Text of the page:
No wonder Jesus experienced such joy in the midst of His suffering! He could see, following Psalm 22.21-31, the vision of God’s Kingdom coming on earth as it is in heaven, unto righteousness, peace, and joy in the Holy Spirit, with disciples being made in all nations. That vision emboldened Jesus to endure the agony of the cross and to despise the temporary shame to which He was subjected, as He could see Himself, seated at the right hand of God, putting His enemies under His feet and advancing His rule of glory and salvation over all the earth.

That’s what Jesus saw. That’s the vision He commands us to seek (Matt. 6.33).And when we see what Jesus was looking at, we will be emboldened, as He was, to endure whatever we must, and to despise whatever hardship comes our way, for the sake of realizing more of the presence, promise, and power of His Kingdom in and through our daily lives.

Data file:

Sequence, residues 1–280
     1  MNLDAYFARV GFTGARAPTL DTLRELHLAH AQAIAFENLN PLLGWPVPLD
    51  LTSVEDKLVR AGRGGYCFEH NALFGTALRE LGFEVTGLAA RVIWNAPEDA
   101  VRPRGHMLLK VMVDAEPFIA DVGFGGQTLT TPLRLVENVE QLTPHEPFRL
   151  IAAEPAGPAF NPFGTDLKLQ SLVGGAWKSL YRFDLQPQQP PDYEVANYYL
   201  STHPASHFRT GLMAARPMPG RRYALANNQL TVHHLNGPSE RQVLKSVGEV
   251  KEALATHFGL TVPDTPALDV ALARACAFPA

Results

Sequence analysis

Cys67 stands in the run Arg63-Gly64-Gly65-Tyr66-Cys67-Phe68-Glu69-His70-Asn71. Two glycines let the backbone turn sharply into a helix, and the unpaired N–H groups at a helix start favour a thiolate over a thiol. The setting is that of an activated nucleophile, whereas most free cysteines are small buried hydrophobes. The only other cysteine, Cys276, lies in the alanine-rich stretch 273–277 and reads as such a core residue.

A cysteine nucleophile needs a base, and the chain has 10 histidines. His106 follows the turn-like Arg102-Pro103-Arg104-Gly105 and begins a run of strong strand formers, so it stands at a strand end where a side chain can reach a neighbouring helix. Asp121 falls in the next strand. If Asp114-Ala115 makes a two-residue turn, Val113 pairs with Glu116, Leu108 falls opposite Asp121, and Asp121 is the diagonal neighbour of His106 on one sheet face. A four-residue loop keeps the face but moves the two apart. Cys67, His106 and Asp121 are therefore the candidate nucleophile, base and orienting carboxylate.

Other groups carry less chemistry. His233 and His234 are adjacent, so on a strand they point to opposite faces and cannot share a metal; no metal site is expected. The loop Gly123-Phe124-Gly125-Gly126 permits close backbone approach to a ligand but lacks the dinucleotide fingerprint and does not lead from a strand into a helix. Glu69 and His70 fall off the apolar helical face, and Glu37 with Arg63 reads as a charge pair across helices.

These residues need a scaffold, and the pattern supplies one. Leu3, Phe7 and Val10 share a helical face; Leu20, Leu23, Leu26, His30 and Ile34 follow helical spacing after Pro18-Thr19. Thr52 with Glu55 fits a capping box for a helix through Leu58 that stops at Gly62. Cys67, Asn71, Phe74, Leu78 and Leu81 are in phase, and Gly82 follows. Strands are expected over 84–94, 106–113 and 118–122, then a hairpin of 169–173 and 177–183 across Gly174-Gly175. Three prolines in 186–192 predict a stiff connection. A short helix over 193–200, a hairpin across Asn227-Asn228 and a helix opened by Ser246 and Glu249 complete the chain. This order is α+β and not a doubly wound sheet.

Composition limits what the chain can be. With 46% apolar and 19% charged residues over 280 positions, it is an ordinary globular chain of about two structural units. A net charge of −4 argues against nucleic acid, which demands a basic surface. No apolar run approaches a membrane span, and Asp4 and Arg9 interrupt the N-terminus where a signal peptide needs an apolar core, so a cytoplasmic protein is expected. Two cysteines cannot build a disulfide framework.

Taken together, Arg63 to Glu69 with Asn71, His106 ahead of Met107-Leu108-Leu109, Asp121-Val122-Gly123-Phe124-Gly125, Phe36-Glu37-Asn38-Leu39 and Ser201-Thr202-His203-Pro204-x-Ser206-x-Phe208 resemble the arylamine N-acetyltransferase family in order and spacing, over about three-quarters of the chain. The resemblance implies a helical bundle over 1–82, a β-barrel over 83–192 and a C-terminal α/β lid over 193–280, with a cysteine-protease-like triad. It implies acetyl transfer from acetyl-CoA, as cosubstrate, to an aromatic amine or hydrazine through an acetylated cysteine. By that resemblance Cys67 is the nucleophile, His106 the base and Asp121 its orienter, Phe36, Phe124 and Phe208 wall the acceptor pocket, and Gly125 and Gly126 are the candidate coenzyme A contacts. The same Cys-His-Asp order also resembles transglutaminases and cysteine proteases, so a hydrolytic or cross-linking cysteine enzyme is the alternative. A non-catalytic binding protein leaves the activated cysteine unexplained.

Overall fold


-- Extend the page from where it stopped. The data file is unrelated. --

See what Jesus saw, and you will know the courage to endure and triumph as He did. Share that vision with others, and the Spirit will give them courage to pursue it with you.

For reflection
1. What does it mean to see the Kingdom of God? To seek it?

2. How can a psalm like Psalm 22.21-31 help us in seeing and seeking the Kingdom of God? What about Psalm 72? Psalm 110? The parables of Jesus?

3. What does it mean for you to see the Kingdom of God coming daily, in and through your life, into the world where Jesus has sent you (Jn. 20.21)? Do you think such a vision, daily seen, would give you courage to endure for Jesus?

Next Step – Transformation: Pray Psalm 22.21-31, keeping in mind the day ahead. How does this psalm guide you to seek the coming of God’s Kingdom in your daily life? With whom will you share this vision today?

T. M. Moore

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Except as indicated, Scripture taken from the New King James Version. © Copyright 1982 by Thomas Nelson, Inc. Used by permission. All rights reserved.

T.M. Moore

T. M. Moore is principal of The Fellowship of Ailbe, a spiritual fellowship in the Celtic Christian tradition. He and his wife, Susie, make their home in Essex Junction, VT.